My mother is not a great cook. That said, cinnamon toast is hard to mess up, and it truly is one of her best "home cooked" dishes, so it owns a small corner of my heart. Here, I take the toast a couple of steps further: I soak buttered and toasted bread in cinnamon sugar syrup, which gives the toast an almost custardy quality. Then I press the sticky side of the bread into cinnamon sugar and fry the bread in butter so the sugar caramelizes around the edges and becomes almost candy-like.
1. Make the cinnamon syrup: In a small saucepan, combine the sugar, cinnamon sticks, and 1/2 cup (120 ml) water and bring to a boil over high heat, stirring often to dissolve the sugar. Reduce the heat to medium-low and simmer until the cinnamon is very fragrant, about 5 minutes. Remove from the heat and set aside to cool (the syrup can be refrigerated for up to 3 weeks).
2. Make the toast: Using 3-4 tablespoons of the butter, coat both sides of each piece of bread. Heat 2 tablespoons of the butter in a large skillet (frying pan) over medium heat. Place the bread in the skillet and set a large heat-safe plate or cake pan on top of the bread--it should fit inside the skillet. If the plate isn't very heavy, weigh it down with a few cans of beans or tomatoes. Cook until the bread is golden brown, 2-3 minutes (weighting the bread helps the entire surface area of the crumb come into contact with the hot fat and the hot pan, ensuring a nice even golden-brown toast). Remove the weights and the plate and flip the bread over, then continue to brown the second side, about 1 1/2-2 minutes longer. Brush a generous amount of cinnamon syrup over one side of each slice (add enough syrup to saturate the bread without making it soggy).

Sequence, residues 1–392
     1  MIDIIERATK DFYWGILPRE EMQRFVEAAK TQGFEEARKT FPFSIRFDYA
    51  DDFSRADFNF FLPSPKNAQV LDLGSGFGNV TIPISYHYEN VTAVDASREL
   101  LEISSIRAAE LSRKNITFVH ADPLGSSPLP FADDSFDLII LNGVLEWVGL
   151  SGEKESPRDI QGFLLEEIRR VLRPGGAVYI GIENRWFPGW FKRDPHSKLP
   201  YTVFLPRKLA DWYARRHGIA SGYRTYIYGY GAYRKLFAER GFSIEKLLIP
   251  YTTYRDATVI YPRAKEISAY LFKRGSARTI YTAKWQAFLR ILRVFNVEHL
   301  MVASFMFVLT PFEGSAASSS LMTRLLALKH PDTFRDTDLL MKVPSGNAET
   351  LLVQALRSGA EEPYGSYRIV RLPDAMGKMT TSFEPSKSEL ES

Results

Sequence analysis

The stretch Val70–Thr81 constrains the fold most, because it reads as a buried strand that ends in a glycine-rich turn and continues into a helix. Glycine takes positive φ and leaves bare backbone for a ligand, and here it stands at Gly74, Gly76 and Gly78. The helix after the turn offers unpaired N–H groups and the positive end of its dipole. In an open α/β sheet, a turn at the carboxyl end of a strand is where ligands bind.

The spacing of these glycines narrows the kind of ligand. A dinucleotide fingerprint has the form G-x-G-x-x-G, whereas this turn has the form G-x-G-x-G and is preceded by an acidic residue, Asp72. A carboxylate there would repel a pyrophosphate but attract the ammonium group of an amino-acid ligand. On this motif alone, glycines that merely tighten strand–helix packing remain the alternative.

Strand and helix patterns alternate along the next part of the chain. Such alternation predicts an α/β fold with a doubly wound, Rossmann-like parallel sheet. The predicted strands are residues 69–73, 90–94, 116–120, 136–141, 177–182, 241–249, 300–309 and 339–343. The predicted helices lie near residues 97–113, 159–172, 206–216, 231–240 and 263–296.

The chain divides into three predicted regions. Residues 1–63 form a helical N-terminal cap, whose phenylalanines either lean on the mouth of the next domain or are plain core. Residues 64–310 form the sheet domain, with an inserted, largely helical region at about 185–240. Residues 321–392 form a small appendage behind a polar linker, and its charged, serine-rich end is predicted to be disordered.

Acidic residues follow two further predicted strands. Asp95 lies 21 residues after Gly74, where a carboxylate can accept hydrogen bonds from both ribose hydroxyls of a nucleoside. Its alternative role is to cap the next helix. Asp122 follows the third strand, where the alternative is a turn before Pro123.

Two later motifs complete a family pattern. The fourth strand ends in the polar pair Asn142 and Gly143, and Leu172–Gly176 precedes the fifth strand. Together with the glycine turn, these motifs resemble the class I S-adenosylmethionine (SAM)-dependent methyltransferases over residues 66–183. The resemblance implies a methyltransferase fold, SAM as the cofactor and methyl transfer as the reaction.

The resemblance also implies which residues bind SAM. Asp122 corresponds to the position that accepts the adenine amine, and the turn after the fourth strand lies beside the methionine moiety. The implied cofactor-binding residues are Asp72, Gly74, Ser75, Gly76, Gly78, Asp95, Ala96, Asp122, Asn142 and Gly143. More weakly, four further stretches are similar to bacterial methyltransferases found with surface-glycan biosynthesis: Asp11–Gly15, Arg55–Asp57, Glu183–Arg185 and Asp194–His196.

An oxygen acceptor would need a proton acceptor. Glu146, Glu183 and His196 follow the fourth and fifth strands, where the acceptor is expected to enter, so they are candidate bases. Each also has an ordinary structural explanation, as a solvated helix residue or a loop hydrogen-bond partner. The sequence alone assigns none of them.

3. In a small bowl, mix the sugar with the cinnamon until combined, then transfer all but 2 teaspoons of it to a plate. Dip each piece of toast, syrup side down, in the cinnamon sugar.
4. In a large skillet (frying pan), melt the remaining 2-3 tablespoons butter over medium-high heat. Reduce the heat to medium and place the toast, sugared side down, in the skillet. Set a large heat-safe plate on top of the toast to press it down (place one or two cans of beans on top to weight it down). Cook until the edges of the bread are caramelized and the sugar is completely melted and glistening across the surface of the bread, 3-4 minutes.
5. Serve each slice of toast caramelized side up and sprinkled with some of the reserved cinnamon sugar and, if desired, confectioners' sugar.
Adapted from "Toast: The Cookbook" by Raquel Pelzel (c) Phaidon Press 2015. Provided courtesy of Raquel Pelzel. All rights reserved.